Table 2. Examples of splitting a phrase failure.
Sample sentenceIdeally mapped UMLS conceptFirst mapped term (UMLS concept name)Second mapped term (UMLS concept name)
“My mom had unknown primary and it was a PET scan that helped them find the primary.”PET/CT scanPET (Pet Animal)Scan (Radionuclide Imaging)
“It was removed and I have had stereotactic treatment along with 6 rounds of Taxol/Carbo completed in January 2012.” [sic]Stereotactic Radiation TreatmentStereotactic (Stereotactic)Treatment (Therapeutic Aspects)
“Had 25 internal rad treatments (along with cisplatin on day 1 and 25).” [sic]Therapeutic Radiology ProcedureRad (Radiation Absorbed Dose)Treatments (Therapeutic Procedure)
“I am Triple Negative BC and there are no follow-up treatments for us TN\'s.”Triple Negative Breast NeoplasmsTriple (Triplicate)Negative (Negative)
“My doc thinks I will probably end up having a double mastectomy”None availableDouble (Double Value Type)Mastectomy (Mastectomy)
“I thought after 9 months my hair would be back but I have grown some type of hair that I am told is ‘chemo curls’.”None availableChemo (Chemotherapy Regimen)Curls (Early Endosome)
Detecting Missed Term Failures

We identified two causes of missed term failures associated with processing patient-generated text. The following sections describe automatic detection of missed terms, specifically due to community-specific nomenclature and misspellings.

Community-Specific Nomenclature

Our tool detected missed terms due to abbreviations and acronyms in four steps. First, it ran MetaMap on the original text and then counted the total number of mappings. Second, it extracted common abbreviations and acronyms and their definitions using a simple rule-based algorithm [46], but where we manually verified the extracted terms. Third, it ran MetaMap again after replacing the extracted abbreviations and acronyms with their corresponding fully expanded terms. Finally, it calculated the difference in the total mappings between the original text and the updated text.

The simple rule-based algorithm by Schwartz and Hearst [46] has performed well in finding abbreviations and acronyms in documents [48,49]. We modified the algorithm to reflect typical writing styles of online community posts. The algorithm by Schwartz and Hearst uses (1) order of characters, (2) distance between abbreviations/acronyms and their definitions, and (3) presence of parentheses to find candidates for abbreviations/acronyms and their definitions. Our tool first identified completely capitalized words (with an exception of the last character due to pluralization) as candidate abbreviations/acronyms and then applied the algorithm to find its fully expanded form. Because online community members adopted community’s abbreviations/acronyms, we saved this information and applied to other posts written in the same community even when the definition was not available. For instance, in the sentence, “My mother was diagnosed with Stage 3 Esophageal cancer (EC) earlier this year - EC also counts smoking and alcohol as two major aggravating factors and is an aggressive cancer”, the poster defined EC once and then continued to use the acronym in place of esophageal cancer. MetaMap could map esophageal cancer but not EC. Our tool used this algorithm to detect EC and its fully expanded form, esophageal cancer, then replaced EC with “esophageal cancer” to ensure the concept could be identified by MetaMap.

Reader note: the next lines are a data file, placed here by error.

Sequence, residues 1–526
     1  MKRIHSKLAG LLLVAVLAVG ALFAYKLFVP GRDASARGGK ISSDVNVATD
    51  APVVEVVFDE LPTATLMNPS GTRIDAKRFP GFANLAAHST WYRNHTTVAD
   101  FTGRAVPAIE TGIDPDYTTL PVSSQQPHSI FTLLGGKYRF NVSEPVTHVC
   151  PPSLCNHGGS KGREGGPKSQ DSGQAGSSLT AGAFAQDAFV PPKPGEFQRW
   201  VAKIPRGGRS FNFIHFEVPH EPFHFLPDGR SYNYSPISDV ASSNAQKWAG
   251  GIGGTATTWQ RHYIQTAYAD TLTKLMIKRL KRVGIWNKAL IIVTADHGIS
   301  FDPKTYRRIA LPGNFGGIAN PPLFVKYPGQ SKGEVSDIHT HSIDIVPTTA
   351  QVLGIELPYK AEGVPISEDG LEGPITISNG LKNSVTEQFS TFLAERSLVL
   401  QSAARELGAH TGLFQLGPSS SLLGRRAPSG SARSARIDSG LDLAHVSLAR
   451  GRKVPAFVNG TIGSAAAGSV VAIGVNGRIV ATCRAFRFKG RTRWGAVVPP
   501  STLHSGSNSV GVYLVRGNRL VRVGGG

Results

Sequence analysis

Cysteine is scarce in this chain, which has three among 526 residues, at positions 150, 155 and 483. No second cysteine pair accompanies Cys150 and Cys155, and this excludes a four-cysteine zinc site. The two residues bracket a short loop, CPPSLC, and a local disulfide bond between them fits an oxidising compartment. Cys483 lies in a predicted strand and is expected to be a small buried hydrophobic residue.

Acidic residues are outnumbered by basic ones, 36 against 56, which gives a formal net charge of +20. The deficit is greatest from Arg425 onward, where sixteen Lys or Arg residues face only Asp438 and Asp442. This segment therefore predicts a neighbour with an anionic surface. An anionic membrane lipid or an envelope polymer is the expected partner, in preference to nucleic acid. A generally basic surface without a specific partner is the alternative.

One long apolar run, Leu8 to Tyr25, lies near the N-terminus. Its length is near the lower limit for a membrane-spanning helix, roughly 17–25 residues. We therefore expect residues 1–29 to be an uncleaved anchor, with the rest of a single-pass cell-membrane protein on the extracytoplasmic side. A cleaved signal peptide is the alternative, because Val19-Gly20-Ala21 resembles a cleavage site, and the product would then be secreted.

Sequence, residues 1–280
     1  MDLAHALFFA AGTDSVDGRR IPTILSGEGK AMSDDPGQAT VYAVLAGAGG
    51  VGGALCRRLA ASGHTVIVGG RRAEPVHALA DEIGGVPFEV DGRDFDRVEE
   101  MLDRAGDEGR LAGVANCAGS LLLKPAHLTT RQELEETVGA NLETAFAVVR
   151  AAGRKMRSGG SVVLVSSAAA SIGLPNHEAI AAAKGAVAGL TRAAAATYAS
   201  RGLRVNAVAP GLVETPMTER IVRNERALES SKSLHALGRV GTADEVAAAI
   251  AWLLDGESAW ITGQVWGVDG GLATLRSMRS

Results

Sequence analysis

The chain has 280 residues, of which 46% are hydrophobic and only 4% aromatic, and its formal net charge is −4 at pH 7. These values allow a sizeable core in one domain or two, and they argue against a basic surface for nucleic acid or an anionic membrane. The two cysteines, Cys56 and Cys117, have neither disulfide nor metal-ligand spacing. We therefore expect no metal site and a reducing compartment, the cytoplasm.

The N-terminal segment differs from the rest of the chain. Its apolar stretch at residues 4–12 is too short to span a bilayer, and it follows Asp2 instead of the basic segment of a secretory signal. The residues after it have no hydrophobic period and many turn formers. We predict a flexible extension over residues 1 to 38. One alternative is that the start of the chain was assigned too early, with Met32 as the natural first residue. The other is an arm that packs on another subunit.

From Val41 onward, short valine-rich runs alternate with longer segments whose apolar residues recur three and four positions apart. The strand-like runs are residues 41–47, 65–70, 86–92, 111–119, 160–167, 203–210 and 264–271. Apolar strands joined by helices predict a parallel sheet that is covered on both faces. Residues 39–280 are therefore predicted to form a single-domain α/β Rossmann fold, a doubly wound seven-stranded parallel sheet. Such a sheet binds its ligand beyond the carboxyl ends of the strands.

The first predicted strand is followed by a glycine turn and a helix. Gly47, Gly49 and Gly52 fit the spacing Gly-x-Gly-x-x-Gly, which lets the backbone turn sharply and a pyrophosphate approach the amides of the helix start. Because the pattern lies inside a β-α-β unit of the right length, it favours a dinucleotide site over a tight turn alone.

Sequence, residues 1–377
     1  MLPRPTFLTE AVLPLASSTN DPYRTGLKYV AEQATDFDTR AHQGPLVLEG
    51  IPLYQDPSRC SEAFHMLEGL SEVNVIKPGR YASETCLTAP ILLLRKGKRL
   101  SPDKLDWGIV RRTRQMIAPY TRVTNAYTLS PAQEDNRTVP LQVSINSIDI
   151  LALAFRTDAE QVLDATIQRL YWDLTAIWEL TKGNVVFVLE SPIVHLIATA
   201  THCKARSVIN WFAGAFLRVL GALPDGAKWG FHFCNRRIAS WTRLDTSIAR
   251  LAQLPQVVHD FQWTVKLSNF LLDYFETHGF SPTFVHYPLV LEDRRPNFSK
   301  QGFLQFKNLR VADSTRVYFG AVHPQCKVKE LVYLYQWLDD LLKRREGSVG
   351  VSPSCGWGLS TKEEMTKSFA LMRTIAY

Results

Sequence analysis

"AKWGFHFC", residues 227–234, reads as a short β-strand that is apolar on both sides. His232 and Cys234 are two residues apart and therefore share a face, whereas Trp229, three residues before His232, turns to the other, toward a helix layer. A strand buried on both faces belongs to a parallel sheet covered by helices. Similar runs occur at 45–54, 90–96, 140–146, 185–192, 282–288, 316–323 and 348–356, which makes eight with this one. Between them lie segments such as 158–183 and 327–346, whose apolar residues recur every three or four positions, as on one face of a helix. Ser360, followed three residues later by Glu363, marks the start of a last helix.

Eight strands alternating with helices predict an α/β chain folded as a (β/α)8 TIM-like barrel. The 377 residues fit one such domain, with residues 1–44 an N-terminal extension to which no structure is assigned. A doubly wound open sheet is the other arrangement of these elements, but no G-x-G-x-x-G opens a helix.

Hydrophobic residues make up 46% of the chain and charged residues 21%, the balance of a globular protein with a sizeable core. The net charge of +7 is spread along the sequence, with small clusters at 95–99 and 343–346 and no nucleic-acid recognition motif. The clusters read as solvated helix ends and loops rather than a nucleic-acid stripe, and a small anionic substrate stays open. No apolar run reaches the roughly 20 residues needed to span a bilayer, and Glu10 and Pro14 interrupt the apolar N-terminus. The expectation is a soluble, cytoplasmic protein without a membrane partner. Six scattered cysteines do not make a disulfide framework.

Our tool detected the prevalence of missed terms due to misspelling using three steps. First, it ran MetaMap on the original text and counted the total number of mappings. Second, it ran MetaMap again after correcting possible misspellings using Google’s query suggestion service [50]. Finally, it calculated the difference in the mappings between the original text and the corrected text.

Detecting Word Sense Ambiguity Failure

We identified nine causes of word sense ambiguity failure associated with processing patient-generated text. In the following sections, we describe how to automatically detect the word sense ambiguity failures.

Abbreviations and Contractions

To detect word sense ambiguity failures due to abbreviations and contractions, we used an NLP tool called the Stanford POS Tagger [44], which assigns POS to terms in text. Our tool processed the data using the Stanford POS Tagger to count cases where a single mapped term was tagged with multiple POS. For instance, the Stanford POS Tagger would accurately tag “I’d” with two different POS, that is, the personal pronoun and modal.

Colloquial Language